Overconfidence can lead investors to excessive trading and risk taking. There are two aspects of overconfidence: miscalibration and better-than-average effect. Miscalibration means being ignorant of some of the likely outcomes. Better-than-average effect is when people consider themselves better than average, which cannot be true for everyone. Since people tend to believe that success is attributed to skill and failure is caused by bad luck, small successes in the market may cause investors to become overconfident
Price bubbles are not uncommon. One of the most famous ones was the Tulip Mania, which occurred in the Dutch Golden Age. At its peak in 1637, a single tulip bulb sold for more than 10 times the annual income of a skilled craftsman. The bubble burst much more quickly than it was formed. When people started to refuse to honor their transactions, the sentiment turned so quickly that the price plummeted to nothing almost overnight.
Although it’s difficult to defy human nature, we can teach ourselves to avoid some of the abovementioned errors by following a systematic approach to investing. Have a look at our previous blogs, such as Building a Financial Model and Developing a Stock Trading Strategy. After finding an investment style that best suits you, it’s important that you follow through. Use risk management and diversification instead of a goal-based approach, and have a quantitative investment criteria instead of relying on emotions. Memory is often unreliable, so remember to keep a precise and accurate record. Perhaps it helps to write down a few rules of thumb where you can see them, such as: avoid trading too frequently, monthly check on stocks, annual review of portfolio and make necessary adjustments based on risk appetite, etc. To remind yourself to think analytically instead of intuitively, one of the best books to read is Daniel Kahneman’s “Thinking, Fast and Slow”.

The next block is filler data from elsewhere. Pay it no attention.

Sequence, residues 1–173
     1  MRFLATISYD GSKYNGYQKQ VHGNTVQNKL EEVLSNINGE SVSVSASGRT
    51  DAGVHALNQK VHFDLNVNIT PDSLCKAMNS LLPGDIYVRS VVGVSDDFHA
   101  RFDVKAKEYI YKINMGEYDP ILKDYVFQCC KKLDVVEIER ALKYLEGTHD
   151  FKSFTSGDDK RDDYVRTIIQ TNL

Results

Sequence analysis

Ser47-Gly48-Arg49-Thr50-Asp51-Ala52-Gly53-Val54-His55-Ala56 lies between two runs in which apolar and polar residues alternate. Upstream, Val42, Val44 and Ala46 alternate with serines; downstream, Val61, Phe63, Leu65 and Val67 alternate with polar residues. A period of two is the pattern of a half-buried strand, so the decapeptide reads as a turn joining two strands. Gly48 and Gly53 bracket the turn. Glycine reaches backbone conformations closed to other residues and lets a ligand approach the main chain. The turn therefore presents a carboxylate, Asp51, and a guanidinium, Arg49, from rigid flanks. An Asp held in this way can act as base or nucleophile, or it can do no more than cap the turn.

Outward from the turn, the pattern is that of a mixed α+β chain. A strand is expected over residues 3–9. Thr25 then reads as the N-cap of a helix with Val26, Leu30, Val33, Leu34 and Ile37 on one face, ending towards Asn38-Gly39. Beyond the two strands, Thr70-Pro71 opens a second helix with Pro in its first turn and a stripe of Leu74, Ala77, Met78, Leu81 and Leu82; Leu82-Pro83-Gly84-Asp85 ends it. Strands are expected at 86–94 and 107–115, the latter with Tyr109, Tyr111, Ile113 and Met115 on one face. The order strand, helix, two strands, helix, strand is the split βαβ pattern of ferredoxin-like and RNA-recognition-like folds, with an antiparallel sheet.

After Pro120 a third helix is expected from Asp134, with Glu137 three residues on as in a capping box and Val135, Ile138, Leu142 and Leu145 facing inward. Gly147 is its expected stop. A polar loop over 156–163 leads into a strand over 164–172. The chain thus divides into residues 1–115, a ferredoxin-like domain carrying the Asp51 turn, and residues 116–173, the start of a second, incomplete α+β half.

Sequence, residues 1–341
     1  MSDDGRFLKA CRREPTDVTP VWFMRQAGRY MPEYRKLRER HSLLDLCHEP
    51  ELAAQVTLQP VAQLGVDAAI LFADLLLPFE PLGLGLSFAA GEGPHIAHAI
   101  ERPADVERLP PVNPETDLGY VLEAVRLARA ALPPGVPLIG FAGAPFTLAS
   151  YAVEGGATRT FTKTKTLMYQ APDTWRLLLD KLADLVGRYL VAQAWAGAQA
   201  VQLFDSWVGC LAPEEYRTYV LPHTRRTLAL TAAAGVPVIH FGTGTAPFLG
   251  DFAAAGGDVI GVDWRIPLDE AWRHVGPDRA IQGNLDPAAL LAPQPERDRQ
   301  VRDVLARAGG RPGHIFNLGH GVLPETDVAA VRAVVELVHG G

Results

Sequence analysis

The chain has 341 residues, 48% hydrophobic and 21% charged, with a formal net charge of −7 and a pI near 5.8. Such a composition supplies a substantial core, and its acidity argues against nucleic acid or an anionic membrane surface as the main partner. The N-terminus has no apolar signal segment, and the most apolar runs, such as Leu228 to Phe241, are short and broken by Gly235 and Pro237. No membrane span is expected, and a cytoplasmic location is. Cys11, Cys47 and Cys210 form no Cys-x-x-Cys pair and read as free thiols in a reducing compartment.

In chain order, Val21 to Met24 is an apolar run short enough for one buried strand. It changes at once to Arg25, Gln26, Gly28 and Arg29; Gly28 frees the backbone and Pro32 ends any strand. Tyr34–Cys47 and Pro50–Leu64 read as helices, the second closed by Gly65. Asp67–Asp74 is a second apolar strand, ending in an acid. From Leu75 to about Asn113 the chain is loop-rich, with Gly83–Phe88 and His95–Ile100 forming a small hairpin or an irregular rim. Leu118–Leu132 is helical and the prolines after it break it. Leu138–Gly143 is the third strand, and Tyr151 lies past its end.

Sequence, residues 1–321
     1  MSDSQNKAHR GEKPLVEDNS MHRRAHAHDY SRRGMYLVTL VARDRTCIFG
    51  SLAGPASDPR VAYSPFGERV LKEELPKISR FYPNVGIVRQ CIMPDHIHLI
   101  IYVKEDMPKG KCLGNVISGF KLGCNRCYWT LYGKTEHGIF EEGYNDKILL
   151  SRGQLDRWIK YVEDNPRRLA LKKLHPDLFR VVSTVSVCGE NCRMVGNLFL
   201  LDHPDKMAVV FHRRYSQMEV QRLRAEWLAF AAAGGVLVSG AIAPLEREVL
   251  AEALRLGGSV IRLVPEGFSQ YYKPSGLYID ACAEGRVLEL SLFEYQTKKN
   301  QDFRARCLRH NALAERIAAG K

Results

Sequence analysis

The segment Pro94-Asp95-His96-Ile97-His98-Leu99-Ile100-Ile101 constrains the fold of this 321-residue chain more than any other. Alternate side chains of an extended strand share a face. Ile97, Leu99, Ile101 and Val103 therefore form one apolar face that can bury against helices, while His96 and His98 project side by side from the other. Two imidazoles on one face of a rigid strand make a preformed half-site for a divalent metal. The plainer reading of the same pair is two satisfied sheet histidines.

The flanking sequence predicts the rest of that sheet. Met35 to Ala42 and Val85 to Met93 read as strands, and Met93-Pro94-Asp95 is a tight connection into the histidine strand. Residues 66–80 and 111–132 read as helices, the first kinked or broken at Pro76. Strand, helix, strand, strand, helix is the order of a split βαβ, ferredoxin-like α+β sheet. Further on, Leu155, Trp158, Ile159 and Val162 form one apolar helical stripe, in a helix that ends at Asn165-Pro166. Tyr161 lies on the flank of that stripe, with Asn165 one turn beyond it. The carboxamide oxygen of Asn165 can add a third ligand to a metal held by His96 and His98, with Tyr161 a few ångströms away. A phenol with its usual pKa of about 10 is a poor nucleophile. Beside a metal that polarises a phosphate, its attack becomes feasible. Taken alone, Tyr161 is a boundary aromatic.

People use mental shortcuts to quickly organize and process large amounts of information. This process is called heuristic simplification. Two examples are representativeness and familiarity. Representativeness bias causes people to assume good companies are good investments, and believe that past good performances will last into the future. Familiarity bias causes people to stay close to what they are familiar with. They judge familiar stocks with too much optimism and unfamiliar stocks with too much pessimism, leading to lack of diversification and false sense of risk.
As long as we have access to a news outlet, whether it’s the newspaper or the internet, we are constantly flooded with financial news. Our investment activities tend to be influenced by the media and other professional investors. The problem is, people sometimes react too quickly and commit mistakes when they lose sight of the long term.